Altering your Brand for Specific Markets

Your brand is whatever someone thinks of first when they hear your name. In the worst case scenario your brand will trigger nothing; no memory, no recognition, and no emotion whatsoever. In the best case scenario your brand will trigger positive memories of your product or service.

This is a fairly rough oversimplification however. For companies that operate in multiple markets there are two other extremes: positive misidentification and negative misidentification. I recently visited. Company suffering brutally between the extremes of “non-recognition” and “positive misidentification.”

For the sake of this article let’s call this company Ecks. Ecks makes products that serve several markets very well. These products are not very different tron each other in name, form, or function. When I first heard their name it was starkly unfamiliar. When I searched for them online they were not a member of common LinkedIn groups and their website gave me a very poor impression on their product portfolio.

After spending a week visiting with the company I was completely converted from having a negative skeptical view of the company to having a hugely favorable view. I was downright impressed! Their employees are brilliant and their executive staff are amazngly personable and curious. They should clearly be doing double their present revenue.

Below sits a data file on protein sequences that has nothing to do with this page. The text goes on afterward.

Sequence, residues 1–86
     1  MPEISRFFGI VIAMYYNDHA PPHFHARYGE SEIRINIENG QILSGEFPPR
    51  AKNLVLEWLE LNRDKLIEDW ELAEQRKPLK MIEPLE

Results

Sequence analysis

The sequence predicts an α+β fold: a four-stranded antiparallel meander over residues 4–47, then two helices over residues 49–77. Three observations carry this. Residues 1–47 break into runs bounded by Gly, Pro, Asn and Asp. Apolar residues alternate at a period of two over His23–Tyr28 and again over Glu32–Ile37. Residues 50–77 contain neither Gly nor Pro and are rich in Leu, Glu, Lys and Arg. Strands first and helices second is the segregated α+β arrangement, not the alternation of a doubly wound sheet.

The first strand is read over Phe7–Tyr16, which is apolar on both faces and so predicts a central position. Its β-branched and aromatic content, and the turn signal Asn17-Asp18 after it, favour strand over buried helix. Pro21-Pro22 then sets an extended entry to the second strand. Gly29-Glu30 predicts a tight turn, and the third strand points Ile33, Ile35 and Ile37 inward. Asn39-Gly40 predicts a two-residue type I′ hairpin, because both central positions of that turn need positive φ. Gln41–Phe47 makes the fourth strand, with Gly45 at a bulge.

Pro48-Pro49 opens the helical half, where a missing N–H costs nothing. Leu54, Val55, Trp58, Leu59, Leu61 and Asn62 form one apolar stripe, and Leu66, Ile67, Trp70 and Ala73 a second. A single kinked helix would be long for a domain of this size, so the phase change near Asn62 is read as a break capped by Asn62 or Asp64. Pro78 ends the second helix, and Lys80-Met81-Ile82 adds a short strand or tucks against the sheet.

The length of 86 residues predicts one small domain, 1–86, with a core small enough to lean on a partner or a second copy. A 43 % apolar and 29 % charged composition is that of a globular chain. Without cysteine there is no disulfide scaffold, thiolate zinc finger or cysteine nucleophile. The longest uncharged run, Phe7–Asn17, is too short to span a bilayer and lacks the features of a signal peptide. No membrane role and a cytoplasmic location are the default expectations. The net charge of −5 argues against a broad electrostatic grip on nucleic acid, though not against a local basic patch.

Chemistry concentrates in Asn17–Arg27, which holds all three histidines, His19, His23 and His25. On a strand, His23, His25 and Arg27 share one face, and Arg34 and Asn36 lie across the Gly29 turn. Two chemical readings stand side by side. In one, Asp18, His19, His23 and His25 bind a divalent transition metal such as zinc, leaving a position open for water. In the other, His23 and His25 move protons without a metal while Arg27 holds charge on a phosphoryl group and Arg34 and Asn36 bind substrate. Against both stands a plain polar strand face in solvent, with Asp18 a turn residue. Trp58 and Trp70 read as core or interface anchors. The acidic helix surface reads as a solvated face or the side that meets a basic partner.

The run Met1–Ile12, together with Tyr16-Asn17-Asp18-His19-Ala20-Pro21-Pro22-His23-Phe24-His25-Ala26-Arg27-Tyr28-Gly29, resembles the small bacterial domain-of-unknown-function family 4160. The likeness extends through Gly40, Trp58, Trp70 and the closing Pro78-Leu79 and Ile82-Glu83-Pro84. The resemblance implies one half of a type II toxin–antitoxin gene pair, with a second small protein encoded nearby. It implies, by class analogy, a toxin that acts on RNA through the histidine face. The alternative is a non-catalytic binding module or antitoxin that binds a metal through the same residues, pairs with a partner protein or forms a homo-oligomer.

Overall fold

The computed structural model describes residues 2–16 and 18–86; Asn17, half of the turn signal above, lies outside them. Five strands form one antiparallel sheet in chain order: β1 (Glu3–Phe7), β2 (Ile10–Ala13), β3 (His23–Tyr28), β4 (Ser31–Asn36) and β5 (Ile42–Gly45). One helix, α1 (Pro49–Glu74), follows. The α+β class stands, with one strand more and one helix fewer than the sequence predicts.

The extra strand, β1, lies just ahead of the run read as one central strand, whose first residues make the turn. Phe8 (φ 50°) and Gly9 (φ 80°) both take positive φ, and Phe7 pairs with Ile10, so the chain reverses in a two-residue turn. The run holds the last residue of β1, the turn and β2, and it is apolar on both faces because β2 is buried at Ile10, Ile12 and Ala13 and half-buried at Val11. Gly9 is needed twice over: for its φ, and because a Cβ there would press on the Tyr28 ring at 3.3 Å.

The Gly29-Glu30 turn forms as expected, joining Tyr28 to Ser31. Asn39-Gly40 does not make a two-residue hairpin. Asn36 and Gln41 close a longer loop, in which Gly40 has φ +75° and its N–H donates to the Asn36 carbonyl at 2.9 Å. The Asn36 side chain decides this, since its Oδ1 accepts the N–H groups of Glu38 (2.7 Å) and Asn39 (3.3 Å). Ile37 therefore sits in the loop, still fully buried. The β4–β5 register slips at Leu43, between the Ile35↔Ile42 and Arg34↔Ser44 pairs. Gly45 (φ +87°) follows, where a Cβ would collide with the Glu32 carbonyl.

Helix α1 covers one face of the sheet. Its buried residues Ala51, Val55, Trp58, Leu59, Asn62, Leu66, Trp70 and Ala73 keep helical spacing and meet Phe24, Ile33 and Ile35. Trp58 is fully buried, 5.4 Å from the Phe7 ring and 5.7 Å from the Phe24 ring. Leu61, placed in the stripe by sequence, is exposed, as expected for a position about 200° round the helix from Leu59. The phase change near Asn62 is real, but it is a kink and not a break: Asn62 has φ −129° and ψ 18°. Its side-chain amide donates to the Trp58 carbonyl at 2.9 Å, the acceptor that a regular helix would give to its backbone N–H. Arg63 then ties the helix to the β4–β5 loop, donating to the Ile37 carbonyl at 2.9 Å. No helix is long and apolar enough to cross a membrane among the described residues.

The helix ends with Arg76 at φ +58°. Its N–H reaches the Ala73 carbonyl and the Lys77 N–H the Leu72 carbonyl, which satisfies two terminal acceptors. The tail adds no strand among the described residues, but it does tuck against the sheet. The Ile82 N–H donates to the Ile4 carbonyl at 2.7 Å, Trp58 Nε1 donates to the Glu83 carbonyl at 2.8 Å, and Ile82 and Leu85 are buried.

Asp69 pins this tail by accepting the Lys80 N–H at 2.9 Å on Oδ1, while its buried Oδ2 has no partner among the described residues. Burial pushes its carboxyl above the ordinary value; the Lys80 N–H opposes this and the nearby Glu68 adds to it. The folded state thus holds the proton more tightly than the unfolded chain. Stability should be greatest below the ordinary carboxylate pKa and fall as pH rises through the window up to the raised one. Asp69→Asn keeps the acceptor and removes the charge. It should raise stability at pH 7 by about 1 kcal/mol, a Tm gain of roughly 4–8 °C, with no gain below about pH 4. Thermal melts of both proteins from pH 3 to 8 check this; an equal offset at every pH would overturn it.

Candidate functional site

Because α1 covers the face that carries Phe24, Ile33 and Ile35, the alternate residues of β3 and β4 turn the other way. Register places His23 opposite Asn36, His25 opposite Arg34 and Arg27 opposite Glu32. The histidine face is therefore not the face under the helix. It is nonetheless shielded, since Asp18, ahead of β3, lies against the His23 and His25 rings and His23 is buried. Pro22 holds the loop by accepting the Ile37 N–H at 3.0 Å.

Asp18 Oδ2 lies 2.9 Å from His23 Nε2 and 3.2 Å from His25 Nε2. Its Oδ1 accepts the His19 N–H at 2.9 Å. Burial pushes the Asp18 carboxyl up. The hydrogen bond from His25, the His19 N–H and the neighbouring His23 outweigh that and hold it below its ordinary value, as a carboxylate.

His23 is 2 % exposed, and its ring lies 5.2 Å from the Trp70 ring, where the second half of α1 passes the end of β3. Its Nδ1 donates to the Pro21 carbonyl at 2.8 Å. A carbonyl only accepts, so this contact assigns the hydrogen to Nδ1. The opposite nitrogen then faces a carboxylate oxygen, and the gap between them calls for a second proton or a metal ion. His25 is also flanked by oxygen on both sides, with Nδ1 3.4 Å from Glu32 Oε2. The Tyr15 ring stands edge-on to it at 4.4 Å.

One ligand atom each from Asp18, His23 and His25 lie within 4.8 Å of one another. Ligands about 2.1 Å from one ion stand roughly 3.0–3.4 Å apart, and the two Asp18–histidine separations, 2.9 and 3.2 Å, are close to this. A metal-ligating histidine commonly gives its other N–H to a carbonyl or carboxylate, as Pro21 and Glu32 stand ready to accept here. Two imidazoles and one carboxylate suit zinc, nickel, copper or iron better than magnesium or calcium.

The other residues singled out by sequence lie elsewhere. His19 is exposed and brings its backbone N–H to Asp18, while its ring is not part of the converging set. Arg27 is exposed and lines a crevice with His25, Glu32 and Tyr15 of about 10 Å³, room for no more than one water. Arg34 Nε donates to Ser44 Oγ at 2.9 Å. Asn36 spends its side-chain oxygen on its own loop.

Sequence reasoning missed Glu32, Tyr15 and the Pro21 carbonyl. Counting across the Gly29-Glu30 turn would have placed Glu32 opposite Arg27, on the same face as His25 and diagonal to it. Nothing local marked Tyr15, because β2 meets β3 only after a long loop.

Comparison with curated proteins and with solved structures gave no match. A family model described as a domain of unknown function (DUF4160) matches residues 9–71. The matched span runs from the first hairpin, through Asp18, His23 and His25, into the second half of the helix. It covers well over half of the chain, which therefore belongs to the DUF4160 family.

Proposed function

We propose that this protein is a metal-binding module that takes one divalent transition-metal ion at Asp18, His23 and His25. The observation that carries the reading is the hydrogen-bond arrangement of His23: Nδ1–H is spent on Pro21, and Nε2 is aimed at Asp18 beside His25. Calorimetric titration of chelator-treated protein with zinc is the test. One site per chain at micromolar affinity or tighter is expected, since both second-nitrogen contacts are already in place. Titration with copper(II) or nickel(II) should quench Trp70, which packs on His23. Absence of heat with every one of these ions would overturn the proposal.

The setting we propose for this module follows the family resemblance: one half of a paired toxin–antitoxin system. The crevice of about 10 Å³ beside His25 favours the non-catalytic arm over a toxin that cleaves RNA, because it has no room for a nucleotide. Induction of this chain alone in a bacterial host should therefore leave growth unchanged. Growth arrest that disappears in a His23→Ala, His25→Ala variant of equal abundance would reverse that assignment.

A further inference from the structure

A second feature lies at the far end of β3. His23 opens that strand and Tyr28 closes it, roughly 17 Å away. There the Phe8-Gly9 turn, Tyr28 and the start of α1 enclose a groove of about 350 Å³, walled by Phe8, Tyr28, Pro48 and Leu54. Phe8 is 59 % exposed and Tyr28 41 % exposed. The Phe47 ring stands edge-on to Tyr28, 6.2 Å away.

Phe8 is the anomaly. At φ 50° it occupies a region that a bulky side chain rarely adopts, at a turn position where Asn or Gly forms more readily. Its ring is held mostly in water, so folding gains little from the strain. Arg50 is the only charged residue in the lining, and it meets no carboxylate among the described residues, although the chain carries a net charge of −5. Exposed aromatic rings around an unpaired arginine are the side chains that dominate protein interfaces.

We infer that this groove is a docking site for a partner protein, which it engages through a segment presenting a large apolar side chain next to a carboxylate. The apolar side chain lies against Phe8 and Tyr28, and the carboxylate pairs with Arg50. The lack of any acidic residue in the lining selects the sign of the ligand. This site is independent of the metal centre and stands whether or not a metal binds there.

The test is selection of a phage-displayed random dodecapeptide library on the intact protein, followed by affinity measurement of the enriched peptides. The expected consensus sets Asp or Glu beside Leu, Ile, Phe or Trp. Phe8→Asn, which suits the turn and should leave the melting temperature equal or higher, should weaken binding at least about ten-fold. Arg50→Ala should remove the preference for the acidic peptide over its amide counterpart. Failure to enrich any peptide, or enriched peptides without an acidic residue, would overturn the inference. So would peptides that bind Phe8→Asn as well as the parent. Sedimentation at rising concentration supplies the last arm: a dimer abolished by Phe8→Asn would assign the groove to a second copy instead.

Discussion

The end result is that they need to embark upon a branding campaign. Not an expensive one. Ecks needs to build an online presence slowly with high value content being shared. A few of the recommendations I gave are these:

  • Create a company profile on LinkedIn
  • Participate in LinkedIn polls and questions by contributing intelligent opinions and offering advice and solutions
  • Build a  personal website; separate from the main website that showcases the people inside the company and their amazing accomplishments
  • Get involved on other websites in their industry
  • Tell their story!

Ecks has an amazing story to tell about their brilliant people and their fantastic accomplishments but they’re hiding behind a cold corporate face. In an age when faces corporations are the norm, a successful mom-and-pop should draw an enthusiastic following… especially when they have the best products and services in the industry.


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